Justin is a combat veteran & writer who served the Marines for 13 years. Justin received a BSBA in 2015 and MBA (marketing focus) in 2017.
Whether it's the confined spaces, the hyper-caffeinated employees, the sexy power point presentations or florescent lights, co-workers often find themselves captivated or captive to an office crush. As someone who has a ridiculously successful and beautiful wife in the workplace, I've witnessed exactly what can happen when leaders show a little too much "special" attention to a subordinate. Her very real struggle in dealing with this all-too-common dilemma inspired me to help others find an escape from this precarious position. From inappropriate comments, all the way to full-on professions of love (actually happened), I've witnessed the personal and professional damage that can be avoided with a little bit of direction. By the way, I fully realize that these workplace dilemmas are often created on both ends, by both genders and can go in either direction and there's often no one to blame (although there often is as well). For the sake of this article, we'll focus on professional women in the workplace.
I'd love to tell you that it's not your responsibility, but the responsibility of your leaders. In an ideal environment with flawless leadership, this would be the case. Great leaders will protect their employees and themselves from social discomfort wherever possible. At some point; however, it will likely become essential for subordinates to protect themselves in the face of a love struck leader who just can't control him/herself. Now the responsibility is unfortunately in your hands.
Plenty of you already know the reasons and personally understand them - they've had an effect on your career experience in some way or another. Personal reasons can include feelings of disrespect, loss of professional comfort and worse, even a need to move jobs. These reasons are powerful enough for any self-respecting professional to seek a solution.
On the organizational level, there are a few other reasons to take control of these uncomfortable situations. Morale, motivation, cohesiveness, teamwork and more are all deformed by a boss that just won't back off. It should be no surprise that this breakdown in overall motivation and initiative of employees within any organization will result in bad business and decrease performance.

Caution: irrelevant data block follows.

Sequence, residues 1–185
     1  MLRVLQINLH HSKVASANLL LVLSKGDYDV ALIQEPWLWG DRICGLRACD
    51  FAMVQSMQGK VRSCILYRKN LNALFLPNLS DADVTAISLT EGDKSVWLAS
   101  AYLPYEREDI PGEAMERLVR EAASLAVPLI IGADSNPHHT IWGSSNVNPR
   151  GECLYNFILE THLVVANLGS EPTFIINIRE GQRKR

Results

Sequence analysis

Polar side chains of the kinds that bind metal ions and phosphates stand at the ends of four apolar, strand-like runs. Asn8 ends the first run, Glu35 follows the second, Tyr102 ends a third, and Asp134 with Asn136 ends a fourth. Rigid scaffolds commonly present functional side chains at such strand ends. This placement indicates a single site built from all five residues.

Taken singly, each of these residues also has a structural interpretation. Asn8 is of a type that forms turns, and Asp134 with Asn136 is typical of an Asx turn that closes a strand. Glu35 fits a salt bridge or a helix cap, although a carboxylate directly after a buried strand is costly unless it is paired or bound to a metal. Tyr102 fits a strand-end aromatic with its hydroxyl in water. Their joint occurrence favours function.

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If the fundamental detriment to yourself and your organization isn't enough to get your attention, according to Quartz (qz.com), research conducted on 281 women working in 38 law firms revealed that women who engage in flirting in the workplace tend to deal with many negative consequences which include an average salary lower than those to do not. You can read more data here: Strategic flirting in the workplace backfires on women.
Break the Crush
You shouldn't have to leave the position you've worked for because of one boss with a lack of self-control. If you want to stay at the company, you should. Ultimately (if it comes down to it), HR will agree. Diving into all the "drama" that may be associated with this ordeal; however, might be something you'd really like to avoid for personal and professional reasons. So how can you break the cycle and break the crush without losing your job or disrupting the otherwise suitable working environment?
As I mentioned in a previous article, the power of being subtle is typically your biggest ally. This tactic comes into play in this situation as well, but is perhaps a little less necessary. As a subordinate, you may find that you have to stand up for yourself more confidently than, say, a leader dealing with a crush on her/him. For the sake of keeping the peace, you'll want to start off more subtly and work your way into overt battle only if necessary. Let's get started...